Preparing for Nero

Richard Elliott Friedman’s The Hidden Face of God grapples with the reality that over time in the Biblical narrative the deity becomes less and less a direct presence. In Genesis, humankind has conversations with the divine, and arguably even wrestles with God himself. This is not what we see in later books. Or more precisely, we don’t see.

For a nonbeliever, this is an issue of intellectual curiosity (I’d be one of those). But if you are a believer in the God of Abraham, the God of Isaac, and the God of Jacob, then these are serious and important questions. God is, after all, the most important truth of them all.*

The “hiding” away of a great truth or truths is not simply of relevance to God or the supernatural. Whigs believe that modernity converges toward truth. But Whigs may not get to define the truth of matters on this question.

Let’s posit, hypothetically, that the notionally open Enlightenment republic of letters, which plumbs the depths of nature and society for Truth, is beyond its high tide. That over the next decade or so intellectuals, seekers of the truth in a notional objective reality, slowly withdraw from visibility or at least begin to engage in explicit and self-conscious opacity. In public speaking for example making recourse to code or dog-whistles. But private intellectual communities will persist.

The question is how will they persist? Face-to-face salons and meet-ups are one option. Then there are private e-lists and slack channels, as well as direct message communities on Twitter and Facebook groups (these have all emerged in the last few years as public discourse on social media has gotten nastier).

The major problem I see here is that you trade off scale for security. Consider what happened with JournoList. Any “exclusive” group will become infested with moles over time, and private conversations will be made public. People will anticipate this as a group becomes popular and become less candid. As a group scales, it loses its utility.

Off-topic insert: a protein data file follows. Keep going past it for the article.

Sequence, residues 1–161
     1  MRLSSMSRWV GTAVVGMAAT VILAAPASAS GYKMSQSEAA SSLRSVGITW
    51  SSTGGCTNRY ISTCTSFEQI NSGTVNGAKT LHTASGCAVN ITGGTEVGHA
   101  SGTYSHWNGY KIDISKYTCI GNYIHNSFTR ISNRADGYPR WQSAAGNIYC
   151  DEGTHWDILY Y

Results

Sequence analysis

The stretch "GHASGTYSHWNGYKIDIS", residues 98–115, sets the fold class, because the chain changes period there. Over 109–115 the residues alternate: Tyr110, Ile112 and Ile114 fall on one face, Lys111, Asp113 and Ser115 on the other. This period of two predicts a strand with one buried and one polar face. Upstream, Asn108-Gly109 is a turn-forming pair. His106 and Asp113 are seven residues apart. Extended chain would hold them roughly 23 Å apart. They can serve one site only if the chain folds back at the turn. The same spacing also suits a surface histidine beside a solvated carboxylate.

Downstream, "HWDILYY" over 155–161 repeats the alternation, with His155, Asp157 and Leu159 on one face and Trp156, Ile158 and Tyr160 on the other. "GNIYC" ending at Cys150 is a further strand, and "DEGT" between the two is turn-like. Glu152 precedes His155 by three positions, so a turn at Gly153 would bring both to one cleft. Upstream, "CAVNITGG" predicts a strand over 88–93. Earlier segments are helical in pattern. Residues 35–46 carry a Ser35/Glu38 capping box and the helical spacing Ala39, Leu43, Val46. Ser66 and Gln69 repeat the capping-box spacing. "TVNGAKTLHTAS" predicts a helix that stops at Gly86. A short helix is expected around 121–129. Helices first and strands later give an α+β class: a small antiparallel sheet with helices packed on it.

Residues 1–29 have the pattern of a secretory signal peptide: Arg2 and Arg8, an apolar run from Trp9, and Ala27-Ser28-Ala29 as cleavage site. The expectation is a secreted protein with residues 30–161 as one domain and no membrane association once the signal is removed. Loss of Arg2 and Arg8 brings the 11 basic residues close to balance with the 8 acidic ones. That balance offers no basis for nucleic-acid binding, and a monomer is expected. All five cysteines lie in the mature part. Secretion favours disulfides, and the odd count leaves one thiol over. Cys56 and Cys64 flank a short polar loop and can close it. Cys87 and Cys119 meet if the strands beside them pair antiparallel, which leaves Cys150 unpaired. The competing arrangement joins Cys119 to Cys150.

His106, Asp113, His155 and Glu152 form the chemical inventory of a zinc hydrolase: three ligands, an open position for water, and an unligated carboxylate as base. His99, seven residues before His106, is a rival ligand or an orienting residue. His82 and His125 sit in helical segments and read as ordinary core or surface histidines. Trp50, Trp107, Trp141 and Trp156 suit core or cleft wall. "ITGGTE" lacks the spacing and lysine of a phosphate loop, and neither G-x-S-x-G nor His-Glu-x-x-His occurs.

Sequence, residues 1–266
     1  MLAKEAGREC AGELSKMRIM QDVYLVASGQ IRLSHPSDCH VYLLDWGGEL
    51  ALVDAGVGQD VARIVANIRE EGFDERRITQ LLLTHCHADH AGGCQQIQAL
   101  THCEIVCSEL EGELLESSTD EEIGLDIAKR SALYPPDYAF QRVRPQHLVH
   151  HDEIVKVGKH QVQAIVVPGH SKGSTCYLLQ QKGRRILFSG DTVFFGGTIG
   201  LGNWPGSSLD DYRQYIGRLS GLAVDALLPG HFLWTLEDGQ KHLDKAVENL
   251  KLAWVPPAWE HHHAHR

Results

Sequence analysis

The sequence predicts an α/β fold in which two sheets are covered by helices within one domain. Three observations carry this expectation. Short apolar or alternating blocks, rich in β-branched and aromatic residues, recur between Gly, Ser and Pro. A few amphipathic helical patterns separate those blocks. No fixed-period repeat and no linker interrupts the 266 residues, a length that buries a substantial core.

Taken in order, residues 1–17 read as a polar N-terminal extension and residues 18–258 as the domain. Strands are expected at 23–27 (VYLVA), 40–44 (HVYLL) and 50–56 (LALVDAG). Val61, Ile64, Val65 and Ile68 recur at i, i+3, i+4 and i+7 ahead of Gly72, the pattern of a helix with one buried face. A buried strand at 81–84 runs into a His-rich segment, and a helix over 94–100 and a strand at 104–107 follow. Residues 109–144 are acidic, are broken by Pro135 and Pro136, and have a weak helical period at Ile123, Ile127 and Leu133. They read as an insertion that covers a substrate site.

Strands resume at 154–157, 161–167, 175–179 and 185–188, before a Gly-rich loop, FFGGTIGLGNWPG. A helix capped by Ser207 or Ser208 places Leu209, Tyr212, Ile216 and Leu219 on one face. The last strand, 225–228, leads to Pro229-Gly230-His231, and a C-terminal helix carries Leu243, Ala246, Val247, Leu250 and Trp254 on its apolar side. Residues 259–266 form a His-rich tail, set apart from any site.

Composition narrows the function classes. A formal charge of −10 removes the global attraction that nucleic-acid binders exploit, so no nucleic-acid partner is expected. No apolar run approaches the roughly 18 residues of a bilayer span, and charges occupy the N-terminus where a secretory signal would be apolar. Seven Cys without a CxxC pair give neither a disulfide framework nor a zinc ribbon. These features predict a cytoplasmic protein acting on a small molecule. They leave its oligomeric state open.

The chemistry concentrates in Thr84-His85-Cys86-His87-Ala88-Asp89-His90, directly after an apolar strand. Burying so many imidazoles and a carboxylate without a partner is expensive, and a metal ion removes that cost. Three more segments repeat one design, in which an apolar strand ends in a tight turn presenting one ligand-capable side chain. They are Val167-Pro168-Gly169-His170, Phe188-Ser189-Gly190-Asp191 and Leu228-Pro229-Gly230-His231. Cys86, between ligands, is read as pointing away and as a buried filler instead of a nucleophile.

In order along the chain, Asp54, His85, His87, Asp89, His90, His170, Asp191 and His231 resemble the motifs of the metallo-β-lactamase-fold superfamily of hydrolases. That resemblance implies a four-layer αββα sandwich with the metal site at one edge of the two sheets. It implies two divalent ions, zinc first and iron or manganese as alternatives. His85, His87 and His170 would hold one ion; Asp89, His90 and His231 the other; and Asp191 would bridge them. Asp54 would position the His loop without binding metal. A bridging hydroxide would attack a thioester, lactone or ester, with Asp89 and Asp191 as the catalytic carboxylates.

In contrast, in-person meetings are generally totally free from these worries (unless someone is recording you). Unfortunately, these do not scale well. Adding and removing people from in-person meet-ups takes a lot of work. From what I’ve seen often that work is done by a few individuals who eventually get burned out. At which point the group dissolves or breaks up into smaller more socially-focused units. If a group can not scale, its utility is constrained and limited.

What we need are technological tools which will allow for surreptitious private candid freethought in a public world dominated by social credit and conformity due to authoritarianism. Demagogues may persecute those who speak uncomfortable truths for the sake of the body politic, but if these people are discreet they surely have a role in to play in the great game of mass manipulation that will probably become much more advanced as this century proceeds. Truth is a tool which even the princes of lies can use to win their battles. When Nero comes all will make peace with the new brutality no doubt.

The reality is that many of our institutions are already quite corrupt. And yet it is also true that privately many people who lie in public exhibit virtue and common sense. They are constrained by the system, they do not create it. Of course, they are craven and one has to understand that they will make the denunciations necessary when the time comes for them to do so. But it’s all just business. This seems the human norm.  Technology has to work with our nature, not against it.